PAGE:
Egg Donor Blog

Welcome to our Egg Donor Blog. This is a place where you can share your experiences, encourage other donors, and ask questions. Feel free to connect with other donors and our staff. We want this to be a positive resource for you!

Planning to add your selfies with puckered lips on your profile? Why that may not be the best idea!

As an egg donor, it’s important to understand that adding good quality photos increases your chances of getting selected. This is because it’s the first thing potential Intended Parents will see. Either your profile picture will catch their interest, or they move on to the next. If you are wondering what kind of photos are needed, this blog is for you. Here are a few things to consider:

Add a lot of photos. You are given 25 available slots. Use these frames to your advantage. Add as many photos you can provide. Ranging from babyhood, early childhood, teenage years up to your current. If you have photos for each stage, the better. However, we understand that due to some reasons, not everyone can provide all photos. That’s okay. This does not disqualify you. Just add as many current photos you can find. Also, include photos of your family, friends, pets as well as important events and skills you are proud of.  Your photos should always reflect who you are and what is important to you.

Not just any kind of photos. Use good quality photos. Seeing snippets of your smiling picture can influence Intended Parents to click on your profile to get a better view. The right profile picture should not only catch their interest, but it should also make a connection as well. So, refrain from adding blurry pictures with poor lighting. Go for good quality photos. If you have old pictures, taking a screenshot of the actual picture may or may not work. You can scan them instead for better results. If you need assistance, send us an email and we would be more than happy to assist you.

Oh yes, we’ve all taken that selfie with pouty lips some way or another. Who hasn’t? Thanks to the smartphone, capturing life’s moments is a breeze. It’s just a matter of clicking and striking a pose. But often, many of these selfies does not end up as flattering as planned. Especially when taking headshots. It just does not work… it’s always best to have someone take it for you. Especially if you are planning to add these photos to your egg donor profile.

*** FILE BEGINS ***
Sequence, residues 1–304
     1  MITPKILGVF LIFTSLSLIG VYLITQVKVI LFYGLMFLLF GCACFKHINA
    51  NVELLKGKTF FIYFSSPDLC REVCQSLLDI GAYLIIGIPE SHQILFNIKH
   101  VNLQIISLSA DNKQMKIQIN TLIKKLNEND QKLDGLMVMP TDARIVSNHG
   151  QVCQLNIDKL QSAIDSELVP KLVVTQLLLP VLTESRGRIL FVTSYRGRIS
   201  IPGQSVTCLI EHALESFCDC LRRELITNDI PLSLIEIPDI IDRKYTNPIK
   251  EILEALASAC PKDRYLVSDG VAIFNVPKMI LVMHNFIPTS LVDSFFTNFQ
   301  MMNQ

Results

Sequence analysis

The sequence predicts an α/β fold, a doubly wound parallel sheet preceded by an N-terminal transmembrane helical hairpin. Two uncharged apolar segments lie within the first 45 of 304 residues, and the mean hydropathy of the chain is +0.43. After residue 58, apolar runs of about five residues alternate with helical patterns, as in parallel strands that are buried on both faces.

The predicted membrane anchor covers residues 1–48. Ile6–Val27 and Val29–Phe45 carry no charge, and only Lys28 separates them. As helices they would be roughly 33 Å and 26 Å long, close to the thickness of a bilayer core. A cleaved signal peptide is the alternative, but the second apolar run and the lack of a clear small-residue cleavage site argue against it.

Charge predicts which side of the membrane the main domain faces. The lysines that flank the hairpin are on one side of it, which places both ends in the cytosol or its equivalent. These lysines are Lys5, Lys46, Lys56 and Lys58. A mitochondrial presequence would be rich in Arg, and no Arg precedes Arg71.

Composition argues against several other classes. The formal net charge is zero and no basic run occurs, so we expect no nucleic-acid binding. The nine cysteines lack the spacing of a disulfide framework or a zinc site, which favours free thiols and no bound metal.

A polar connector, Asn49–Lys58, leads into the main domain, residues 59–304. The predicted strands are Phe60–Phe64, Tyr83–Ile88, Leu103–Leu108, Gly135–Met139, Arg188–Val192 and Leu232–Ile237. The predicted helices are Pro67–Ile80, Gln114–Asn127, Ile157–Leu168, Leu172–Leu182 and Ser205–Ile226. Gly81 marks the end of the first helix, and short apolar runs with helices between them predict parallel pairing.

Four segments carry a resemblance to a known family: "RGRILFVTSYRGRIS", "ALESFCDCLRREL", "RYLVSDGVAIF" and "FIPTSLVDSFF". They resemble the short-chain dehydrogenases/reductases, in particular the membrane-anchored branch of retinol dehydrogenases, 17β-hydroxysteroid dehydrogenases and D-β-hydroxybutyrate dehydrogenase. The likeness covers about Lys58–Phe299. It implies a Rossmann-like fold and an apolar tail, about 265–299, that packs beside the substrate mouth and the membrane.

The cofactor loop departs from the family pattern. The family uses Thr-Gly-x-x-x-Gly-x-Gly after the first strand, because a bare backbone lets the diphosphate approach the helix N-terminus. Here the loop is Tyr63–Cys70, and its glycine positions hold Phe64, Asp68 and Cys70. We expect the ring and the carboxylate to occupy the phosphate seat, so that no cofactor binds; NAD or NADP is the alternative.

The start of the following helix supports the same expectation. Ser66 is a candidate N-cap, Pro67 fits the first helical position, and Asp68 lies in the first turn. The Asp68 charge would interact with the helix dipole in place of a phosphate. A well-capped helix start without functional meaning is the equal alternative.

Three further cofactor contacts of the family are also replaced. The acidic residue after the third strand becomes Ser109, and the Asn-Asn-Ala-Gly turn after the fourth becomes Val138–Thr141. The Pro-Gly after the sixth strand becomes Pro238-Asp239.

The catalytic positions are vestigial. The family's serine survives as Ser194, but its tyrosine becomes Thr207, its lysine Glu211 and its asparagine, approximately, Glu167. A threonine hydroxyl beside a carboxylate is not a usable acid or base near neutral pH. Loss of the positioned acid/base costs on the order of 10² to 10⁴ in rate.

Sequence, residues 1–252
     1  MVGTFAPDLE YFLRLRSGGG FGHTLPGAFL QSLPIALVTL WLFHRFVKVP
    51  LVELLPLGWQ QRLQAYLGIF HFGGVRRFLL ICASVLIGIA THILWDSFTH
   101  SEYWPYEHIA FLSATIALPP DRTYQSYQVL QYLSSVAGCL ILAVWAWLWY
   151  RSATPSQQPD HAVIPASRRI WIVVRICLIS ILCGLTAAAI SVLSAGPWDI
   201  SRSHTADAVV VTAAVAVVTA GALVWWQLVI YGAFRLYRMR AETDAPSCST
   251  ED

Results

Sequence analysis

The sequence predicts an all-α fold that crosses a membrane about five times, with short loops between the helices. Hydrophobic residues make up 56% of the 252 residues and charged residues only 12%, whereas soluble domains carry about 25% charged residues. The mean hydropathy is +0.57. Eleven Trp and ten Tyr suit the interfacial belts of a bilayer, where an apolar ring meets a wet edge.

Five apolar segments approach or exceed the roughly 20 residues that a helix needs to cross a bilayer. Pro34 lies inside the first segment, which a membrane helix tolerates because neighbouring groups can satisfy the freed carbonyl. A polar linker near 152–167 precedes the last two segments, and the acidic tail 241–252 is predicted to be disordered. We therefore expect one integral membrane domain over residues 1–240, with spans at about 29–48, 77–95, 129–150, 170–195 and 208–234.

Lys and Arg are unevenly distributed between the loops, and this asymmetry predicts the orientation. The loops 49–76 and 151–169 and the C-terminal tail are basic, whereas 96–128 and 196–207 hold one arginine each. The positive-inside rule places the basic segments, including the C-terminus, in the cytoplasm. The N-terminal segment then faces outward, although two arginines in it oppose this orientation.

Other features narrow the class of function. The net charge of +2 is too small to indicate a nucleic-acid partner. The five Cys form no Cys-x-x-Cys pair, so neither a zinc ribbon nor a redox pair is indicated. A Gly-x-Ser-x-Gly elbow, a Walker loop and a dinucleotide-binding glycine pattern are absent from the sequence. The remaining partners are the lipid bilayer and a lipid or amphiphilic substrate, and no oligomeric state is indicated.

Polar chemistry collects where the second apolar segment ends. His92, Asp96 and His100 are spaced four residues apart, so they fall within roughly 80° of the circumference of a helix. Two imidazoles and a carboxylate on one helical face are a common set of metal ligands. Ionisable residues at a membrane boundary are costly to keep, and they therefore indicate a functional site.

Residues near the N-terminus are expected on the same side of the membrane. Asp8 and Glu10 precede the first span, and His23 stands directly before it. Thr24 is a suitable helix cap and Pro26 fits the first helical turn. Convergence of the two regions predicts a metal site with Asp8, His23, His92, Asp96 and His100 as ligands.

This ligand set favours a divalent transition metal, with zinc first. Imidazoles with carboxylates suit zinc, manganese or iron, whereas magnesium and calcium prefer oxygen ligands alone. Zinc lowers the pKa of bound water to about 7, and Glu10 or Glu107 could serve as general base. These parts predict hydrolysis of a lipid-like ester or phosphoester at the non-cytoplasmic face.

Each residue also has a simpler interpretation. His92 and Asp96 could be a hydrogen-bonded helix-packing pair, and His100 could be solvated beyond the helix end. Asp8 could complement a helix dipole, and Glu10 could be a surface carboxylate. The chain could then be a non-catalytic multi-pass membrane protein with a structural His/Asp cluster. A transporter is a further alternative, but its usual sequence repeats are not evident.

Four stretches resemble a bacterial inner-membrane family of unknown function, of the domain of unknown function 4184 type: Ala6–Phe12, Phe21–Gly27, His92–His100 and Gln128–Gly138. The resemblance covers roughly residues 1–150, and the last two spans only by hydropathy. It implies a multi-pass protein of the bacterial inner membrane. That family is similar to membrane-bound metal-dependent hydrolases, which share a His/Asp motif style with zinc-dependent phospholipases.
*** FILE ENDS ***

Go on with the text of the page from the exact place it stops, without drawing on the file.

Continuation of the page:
• Before uploading, be reminded of the following requirements:
  • -Dress appropriately. Wear modest clothes that compliment you.
  • -Don’t add selfies. Have someone take a few photos of you. This way, you’ll have a full view of your whole face, not just your forehead, or half your face.
  • -Smile and smile some more. It’s your best accessory.
  • -Photos must reflect your current appearance.
  • -Keep photos straight (not tilted) and include your whole face.
  • -You must be the only person on the photo.
  • -No hats, no sunglasses, no car seat belts

Again, please, no selfies, no filters, or any special effects. Those butterflies and flower crowns do look pretty cute but Intended Parents might find it distracting.

Upload and click. Great. You now have all your photos. It’s time to upload them.  To upload, simply click the box labeled as CHOOSE FILE. Click, and choose your desired photo. It should not take more than a few seconds to load. If you have issues, such as it won’t load or save, your pictures may be too big. Send us an email and we would be happy to assist.

Label all your photos… but don’t include your name. This should always remain anonymous. Give your age for each photo added. If it’s a group picture, indicate where you are and who the other people are. No names needed.

Congratulations! You should have a great profile by now. We would love to find you a match the soonest. The best advise we can give is for you to work on your profile, make it as detailed as possible, add good quality pictures that show your personality, and consider adding a short video. By doing this, your profile will stand out, and get more views. It’s just a matter of time.

Myths about Egg Donation

With countless stories, blogs and other information about egg donation it’s hard to determine what is true and what is a myth. Hopefully, this will help clear up some of those misconceptions for you. If you still have any questions after reading this, feel free to email us directly!

Myth 1: I may become responsible for any offspring that may result from my donated eggs.

False. As an egg donor, you wouldn’t have any rights or responsibilities to any offspring, financially or legally. We have legally binding contracts in place to ensure that once the eggs are retrieved, you are relinquishing all rights for them to the intended parents and their chosen guardians should anything happen to them.